Russia Helped Fuel Unrest in Kyrgyzstan

From the Washington Post: Less than a month before the violent protests that toppled the government of Kyrgyzstan last week, Russian television stations broadcast scathing reports portraying President Kurmanbek Bakiyev as a repugnant dictator whose family was stealing billions of dollars from this impoverished nation.

The media campaign, along with punishing economic measures adopted by the Kremlin, played a critical role in fanning public anger against Bakiyev and bringing people into the streets for the demonstrations that forced him to flee the capital Wednesday, according to protest leaders, local journalists and analysts.
"Even without Russia, this would have happened sooner or later, but . . . I think the Russian factor was decisive," said Omurbek Tekebayev, a former opposition leader who is now the No. 2 figure in the government. …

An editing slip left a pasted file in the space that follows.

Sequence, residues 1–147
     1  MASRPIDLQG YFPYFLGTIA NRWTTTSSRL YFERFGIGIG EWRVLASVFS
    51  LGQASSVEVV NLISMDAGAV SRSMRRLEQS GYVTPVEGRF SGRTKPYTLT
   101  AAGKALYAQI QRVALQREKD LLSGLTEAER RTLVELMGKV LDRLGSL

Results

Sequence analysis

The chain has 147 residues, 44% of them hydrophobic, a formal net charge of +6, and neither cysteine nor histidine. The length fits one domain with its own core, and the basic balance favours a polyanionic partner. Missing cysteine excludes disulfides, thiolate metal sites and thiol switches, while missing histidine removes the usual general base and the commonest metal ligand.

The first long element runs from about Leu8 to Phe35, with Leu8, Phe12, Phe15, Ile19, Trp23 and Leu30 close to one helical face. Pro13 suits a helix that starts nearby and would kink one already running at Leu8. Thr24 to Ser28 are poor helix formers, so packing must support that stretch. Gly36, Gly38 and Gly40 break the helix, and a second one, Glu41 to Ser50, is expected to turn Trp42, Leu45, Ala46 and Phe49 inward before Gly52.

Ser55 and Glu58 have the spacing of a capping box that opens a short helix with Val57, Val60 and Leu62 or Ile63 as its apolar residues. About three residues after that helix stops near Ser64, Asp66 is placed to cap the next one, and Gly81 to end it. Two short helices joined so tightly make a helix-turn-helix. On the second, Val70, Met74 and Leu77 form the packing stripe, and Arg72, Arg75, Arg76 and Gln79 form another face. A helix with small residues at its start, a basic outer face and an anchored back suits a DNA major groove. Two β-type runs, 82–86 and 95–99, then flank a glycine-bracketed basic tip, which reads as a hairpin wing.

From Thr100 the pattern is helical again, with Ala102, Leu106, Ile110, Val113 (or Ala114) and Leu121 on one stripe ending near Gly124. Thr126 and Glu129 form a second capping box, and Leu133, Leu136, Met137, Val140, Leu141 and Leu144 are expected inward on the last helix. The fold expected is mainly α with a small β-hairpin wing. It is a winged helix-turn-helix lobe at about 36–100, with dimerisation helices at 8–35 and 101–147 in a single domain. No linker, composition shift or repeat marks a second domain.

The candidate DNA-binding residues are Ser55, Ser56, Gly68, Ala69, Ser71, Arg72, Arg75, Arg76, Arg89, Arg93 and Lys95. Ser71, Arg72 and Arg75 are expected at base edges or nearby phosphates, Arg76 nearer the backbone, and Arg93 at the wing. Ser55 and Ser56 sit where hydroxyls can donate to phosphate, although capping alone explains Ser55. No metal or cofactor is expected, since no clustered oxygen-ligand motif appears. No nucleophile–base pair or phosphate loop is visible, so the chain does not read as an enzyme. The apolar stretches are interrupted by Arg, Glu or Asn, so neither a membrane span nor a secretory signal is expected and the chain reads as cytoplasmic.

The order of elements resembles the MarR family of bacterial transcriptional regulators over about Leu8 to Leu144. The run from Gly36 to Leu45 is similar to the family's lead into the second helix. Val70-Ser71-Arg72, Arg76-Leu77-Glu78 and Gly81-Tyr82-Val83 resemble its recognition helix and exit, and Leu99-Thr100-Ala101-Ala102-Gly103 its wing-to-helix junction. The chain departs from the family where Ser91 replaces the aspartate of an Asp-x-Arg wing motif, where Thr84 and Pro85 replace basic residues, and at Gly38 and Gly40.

In November, Russian media reported that Putin upbraided the Kyrgyz prime minister at a summit, asking why the U.S. air base had not been closed and alleging that the Russian aid money had been stolen by Bakiyev’s family. In February, Moscow postponed payment of the remaining $1.7 billion of the package, with officials saying publicly that the first tranche had been misused. …

In addition to the reversal on the U.S. base, analysts said, the Kremlin turned against Bakiyev because he tried to bring China into a Russian deal to build a hydroelectric dam and to extract rent from Moscow for a Russian air base in Kyrgyzstan. Russian leaders were also upset that Bakiyev’s family was buying gasoline from Russia at special prices and selling it to the air base, a scheme worth as much as $80 million per year, Russian media reported.  (photo: AP)

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